Saturday, February 13, 2016

Sulphites in Wine, Part 1

Tempest in a teapot...apparently, unless you actually have the sulphite allergy or are one of the 5-10% of asthmatic people who are sulphite sensitive.  Sulphites, by the way, are most often ingested through breathing during a meal. The red wine headaches so commonly reported also seem to be unrelated to the sulphite controversy since white wines have more sulphites.  Red wines do contain histamines which may be the problem and let's not forget that alcohol, itself, can cause a headache.

Here's the low down: 1986 is the year sulphites became controversial.  The 1970's and 80's saw a marked rise in sulphite usage in foods.  Sulphites are a preservative and in the case of wines, they prevent browning of color.  In 1987 the USDA banned sulphites from fresh fruits and vegetables (except potatos) and going forward, wines had to be labelled "contains sulphites".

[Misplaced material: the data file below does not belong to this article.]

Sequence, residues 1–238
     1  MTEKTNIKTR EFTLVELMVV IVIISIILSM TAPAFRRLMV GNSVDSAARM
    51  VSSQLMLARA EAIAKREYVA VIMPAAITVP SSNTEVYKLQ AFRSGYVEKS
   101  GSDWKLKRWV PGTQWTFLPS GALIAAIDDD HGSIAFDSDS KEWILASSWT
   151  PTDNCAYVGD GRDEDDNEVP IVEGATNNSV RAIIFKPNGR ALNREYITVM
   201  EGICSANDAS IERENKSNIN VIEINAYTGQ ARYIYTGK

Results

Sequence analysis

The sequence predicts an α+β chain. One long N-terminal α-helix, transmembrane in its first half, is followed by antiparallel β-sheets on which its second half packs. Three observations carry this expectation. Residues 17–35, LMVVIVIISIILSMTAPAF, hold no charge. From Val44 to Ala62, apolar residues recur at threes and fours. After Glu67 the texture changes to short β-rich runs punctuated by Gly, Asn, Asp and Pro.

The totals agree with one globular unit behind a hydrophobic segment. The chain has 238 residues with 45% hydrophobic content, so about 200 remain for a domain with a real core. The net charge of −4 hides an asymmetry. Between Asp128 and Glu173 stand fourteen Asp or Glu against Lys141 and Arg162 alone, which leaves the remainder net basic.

Now here's the disconnect: some frozen foods contain 6,000 parts per million (ppm) in sulphites; dried fruit may have 3,000ppm; french fries, about 2,000.  Ordinary white wines may have up to 350ppm; reds typically have about 50.  While most fruit juices have more sulphites than red wine they are not tarred with the sulphites label like wine is.

So this definitely does not make sense unless you are an old timer in this business like I am.  I remember wines that tasted sulphurous and I remember having breathing issues while drinking wine so maybe wine was more adulterated before 1987.  The Franzia boxed wines were the absolute worst in my recollection and I always thought domestic wines in general were worse than Europeans.

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